With respect to construction of the various elements of the present paint can receptacle, it will be recognized that the various elements may be economically molded or extruded from organic resinous materials such as polyethylene, polypropylene, nylon, and the like. The present paint can receptacle may also be constructed of most any convenient metal as desired. In order to reduce friction and to facilitate manipulation, certain of the working parts may be formed of metal or lubricant containing plastic materials as desired.
Although specific embodiments of the present invention have been described herein, it is to be understood that the foregoing detailed description is given merely by way of illustration and that many variations may be made therein without departing from the spirit of this invention.
|Citing Patent||Filing date||Publication date||Applicant||Title|
|US4580752 *||Oct 5, 1984||Apr 8, 1986||Patrick Robert W||Anti-sway device|
|US4824060 *||Mar 23, 1988||Apr 25, 1989||Korda Edward S||Paint can holder for hollow rung ladders|
|US5062607 *||Jan 14, 1991||Nov 5, 1991||Kisner Howard A||Holder for detachably mounting a receptable on a ladder|
|US5133525 *||Aug 1, 1991||Jul 28, 1992||Good Brian G||Can support device|
|US5584453 *||Nov 22, 1994||Dec 17, 1996||Morter; David A.||Apparatus for supporting a container on a ladder rung|
|US5738313 *||Feb 22, 1996||Apr 14, 1998||Rinke; Alvin F.||Cable holder|
|US5797571 *||Sep 19, 1996||Aug 25, 1998||Brophy; Hugh Joseph||Combined ladder hook and bracket assembly|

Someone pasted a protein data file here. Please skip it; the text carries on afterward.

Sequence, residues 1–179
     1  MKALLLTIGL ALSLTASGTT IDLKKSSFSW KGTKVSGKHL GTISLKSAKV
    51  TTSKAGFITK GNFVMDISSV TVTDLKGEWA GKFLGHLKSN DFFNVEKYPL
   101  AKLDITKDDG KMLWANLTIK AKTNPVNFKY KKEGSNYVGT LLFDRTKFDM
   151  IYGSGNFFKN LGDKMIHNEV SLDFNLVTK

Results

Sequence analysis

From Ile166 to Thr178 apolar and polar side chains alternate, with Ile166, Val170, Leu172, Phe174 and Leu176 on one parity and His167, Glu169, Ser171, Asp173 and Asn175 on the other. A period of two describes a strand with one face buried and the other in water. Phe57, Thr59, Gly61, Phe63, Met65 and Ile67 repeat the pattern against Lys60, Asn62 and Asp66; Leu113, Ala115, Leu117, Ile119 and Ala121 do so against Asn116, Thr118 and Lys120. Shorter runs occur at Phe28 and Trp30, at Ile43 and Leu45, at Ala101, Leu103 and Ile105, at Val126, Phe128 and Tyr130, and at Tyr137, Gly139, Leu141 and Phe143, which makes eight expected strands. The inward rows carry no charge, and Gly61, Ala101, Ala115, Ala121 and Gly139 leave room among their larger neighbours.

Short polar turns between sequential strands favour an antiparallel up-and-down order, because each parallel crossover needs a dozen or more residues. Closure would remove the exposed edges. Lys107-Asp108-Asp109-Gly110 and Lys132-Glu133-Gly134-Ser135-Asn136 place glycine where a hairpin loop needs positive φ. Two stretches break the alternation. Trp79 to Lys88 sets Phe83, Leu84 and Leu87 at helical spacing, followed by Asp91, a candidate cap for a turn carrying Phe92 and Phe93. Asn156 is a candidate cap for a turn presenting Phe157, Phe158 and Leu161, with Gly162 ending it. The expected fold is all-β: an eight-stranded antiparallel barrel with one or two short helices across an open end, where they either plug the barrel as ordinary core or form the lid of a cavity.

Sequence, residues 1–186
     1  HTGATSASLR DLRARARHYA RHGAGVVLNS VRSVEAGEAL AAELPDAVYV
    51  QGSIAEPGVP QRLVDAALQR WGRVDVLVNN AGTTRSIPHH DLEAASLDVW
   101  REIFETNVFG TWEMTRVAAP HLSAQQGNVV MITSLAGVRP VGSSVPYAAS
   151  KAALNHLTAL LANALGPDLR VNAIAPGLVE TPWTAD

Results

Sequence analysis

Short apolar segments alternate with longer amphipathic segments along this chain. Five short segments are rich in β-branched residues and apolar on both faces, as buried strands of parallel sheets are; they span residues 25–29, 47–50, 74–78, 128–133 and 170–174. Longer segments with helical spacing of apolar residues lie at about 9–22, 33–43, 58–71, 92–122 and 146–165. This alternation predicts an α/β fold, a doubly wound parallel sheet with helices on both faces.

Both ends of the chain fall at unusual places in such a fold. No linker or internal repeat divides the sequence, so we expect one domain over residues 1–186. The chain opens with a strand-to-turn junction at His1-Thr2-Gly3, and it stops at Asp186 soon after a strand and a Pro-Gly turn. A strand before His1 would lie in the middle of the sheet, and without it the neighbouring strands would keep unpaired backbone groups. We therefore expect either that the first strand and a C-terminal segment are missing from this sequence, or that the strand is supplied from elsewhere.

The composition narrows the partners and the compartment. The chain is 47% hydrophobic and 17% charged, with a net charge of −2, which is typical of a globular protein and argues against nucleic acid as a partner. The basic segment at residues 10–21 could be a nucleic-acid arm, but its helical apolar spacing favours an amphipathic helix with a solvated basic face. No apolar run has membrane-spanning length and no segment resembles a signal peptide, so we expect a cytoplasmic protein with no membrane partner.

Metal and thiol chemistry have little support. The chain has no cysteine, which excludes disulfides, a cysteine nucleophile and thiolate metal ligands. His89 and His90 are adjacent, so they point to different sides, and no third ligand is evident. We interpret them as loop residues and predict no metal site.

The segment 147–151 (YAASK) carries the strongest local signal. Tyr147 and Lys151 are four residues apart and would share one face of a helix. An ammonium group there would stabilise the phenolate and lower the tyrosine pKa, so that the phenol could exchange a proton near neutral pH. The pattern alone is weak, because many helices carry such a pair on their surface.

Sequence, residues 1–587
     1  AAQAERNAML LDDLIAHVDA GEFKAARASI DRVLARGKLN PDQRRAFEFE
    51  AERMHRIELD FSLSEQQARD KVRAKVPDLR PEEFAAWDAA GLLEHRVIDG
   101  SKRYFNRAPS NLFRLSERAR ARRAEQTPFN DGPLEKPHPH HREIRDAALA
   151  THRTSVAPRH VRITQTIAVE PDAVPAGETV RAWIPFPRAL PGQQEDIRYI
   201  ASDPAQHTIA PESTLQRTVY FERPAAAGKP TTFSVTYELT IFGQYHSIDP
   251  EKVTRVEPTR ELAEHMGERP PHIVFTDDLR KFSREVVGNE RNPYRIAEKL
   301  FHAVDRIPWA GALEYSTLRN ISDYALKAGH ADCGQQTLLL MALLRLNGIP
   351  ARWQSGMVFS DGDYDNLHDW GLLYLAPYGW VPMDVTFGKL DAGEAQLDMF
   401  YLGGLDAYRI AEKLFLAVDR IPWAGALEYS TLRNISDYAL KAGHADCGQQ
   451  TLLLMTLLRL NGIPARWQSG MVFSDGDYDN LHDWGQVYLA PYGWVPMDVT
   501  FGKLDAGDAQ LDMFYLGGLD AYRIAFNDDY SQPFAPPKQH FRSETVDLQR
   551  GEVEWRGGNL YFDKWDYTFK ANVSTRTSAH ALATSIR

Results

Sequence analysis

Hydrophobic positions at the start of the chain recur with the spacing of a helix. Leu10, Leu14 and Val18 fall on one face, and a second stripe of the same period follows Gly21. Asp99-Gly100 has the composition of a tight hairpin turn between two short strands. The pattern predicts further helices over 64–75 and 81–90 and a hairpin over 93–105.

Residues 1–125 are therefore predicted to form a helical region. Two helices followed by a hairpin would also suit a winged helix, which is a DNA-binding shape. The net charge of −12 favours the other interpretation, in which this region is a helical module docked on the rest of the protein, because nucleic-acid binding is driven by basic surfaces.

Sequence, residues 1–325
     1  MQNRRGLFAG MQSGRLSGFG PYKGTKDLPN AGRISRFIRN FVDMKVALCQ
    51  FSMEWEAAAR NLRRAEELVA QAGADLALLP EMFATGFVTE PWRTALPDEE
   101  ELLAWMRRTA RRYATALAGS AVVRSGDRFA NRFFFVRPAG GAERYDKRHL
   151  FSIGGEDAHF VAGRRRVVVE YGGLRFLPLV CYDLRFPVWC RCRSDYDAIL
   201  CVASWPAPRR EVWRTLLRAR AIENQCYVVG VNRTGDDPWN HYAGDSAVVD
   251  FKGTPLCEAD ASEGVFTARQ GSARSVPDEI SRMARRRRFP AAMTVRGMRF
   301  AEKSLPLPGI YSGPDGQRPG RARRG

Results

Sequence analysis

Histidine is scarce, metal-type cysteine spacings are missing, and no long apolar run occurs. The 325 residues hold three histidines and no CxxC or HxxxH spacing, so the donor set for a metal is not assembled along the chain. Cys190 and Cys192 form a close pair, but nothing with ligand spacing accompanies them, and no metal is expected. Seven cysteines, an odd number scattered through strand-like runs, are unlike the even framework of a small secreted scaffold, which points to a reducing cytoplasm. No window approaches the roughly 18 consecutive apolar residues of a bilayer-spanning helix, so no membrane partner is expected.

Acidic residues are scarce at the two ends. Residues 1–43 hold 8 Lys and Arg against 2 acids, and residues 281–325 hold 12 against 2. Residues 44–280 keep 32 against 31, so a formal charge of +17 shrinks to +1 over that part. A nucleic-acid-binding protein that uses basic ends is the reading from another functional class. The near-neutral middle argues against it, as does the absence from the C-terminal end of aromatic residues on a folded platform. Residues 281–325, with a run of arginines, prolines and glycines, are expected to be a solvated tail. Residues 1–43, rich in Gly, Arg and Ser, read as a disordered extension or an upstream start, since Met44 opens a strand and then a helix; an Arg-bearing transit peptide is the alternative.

|US6250595 *||Oct 27, 1999||Jun 26, 2001||Francis Campbell||Paint bucket holder|
|US6382691 *||Jun 11, 1999||May 7, 2002||Alan Roger Hazelton||Method and detachable handle support for carrying containers|
|US6431509 *||Oct 13, 2000||Aug 13, 2002||Pierre Proulx||Paint can holder|
|US6474607||Dec 4, 2001||Nov 5, 2002||Michael J. Wilson||Paint container support device|
|US6783103||Jul 30, 2002||Aug 31, 2004||Theodore R. Salani||Device for supporting objects on a support structure|
|US6848540 *||May 21, 2003||Feb 1, 2005||Kevin L. Kvam||Ladder accessory holder|
|US7143987||Jul 8, 2004||Dec 5, 2006||Ted Salani||Can support device for supporting paint cans on a support structure and method of forming the same|
|US7562853||Mar 11, 2005||Jul 21, 2009||Christopher Mazzola||Container support and mounting bracket|
|US20030196855 *||May 21, 2003||Oct 23, 2003||Kvam Kevin L.||Ladder accessory holder|
|US20050056754 *||Jul 8, 2004||Mar 17, 2005||Ted Salani||Can support device for supporting paint cans on a support structure and method of forming the same|
|US20060202096 *||Mar 11, 2005||Sep 14, 2006||Christopher Mazzola||Container support and mounting bracket|
|US20080061201 *||Aug 21, 2006||Mar 13, 2008||Scs Products, Llc||Paint can and paintbrush holder attachment for ladders|
|US20140332649 *||May 7, 2014||Nov 13, 2014||Brandon M. Kersey||Supporting a recycling bin on a garbage container|
|USD666897 *||Nov 16, 2010||Sep 11, 2012||Church Glenn L||Propane tank transport bracket|
|Jun 22, 1982||AS||Assignment|
Owner name: CALIFORNIA FEDERAL SAVINGS AND LOAN ASSOCIATION, L
Free format text: MERGER;ASSIGNOR:UNITED FEDERAL SAVINGS AND LOAN ASSOCIATION;REEL/FRAME:003990/0556
Effective date: 19820616
|Sep 29, 1987||REMI||Maintenance fee reminder mailed|
|Feb 28, 1988||LAPS||Lapse for failure to pay maintenance fees|
|May 17, 1988||FP||Expired due to failure to pay maintenance fee|
Effective date: 19880228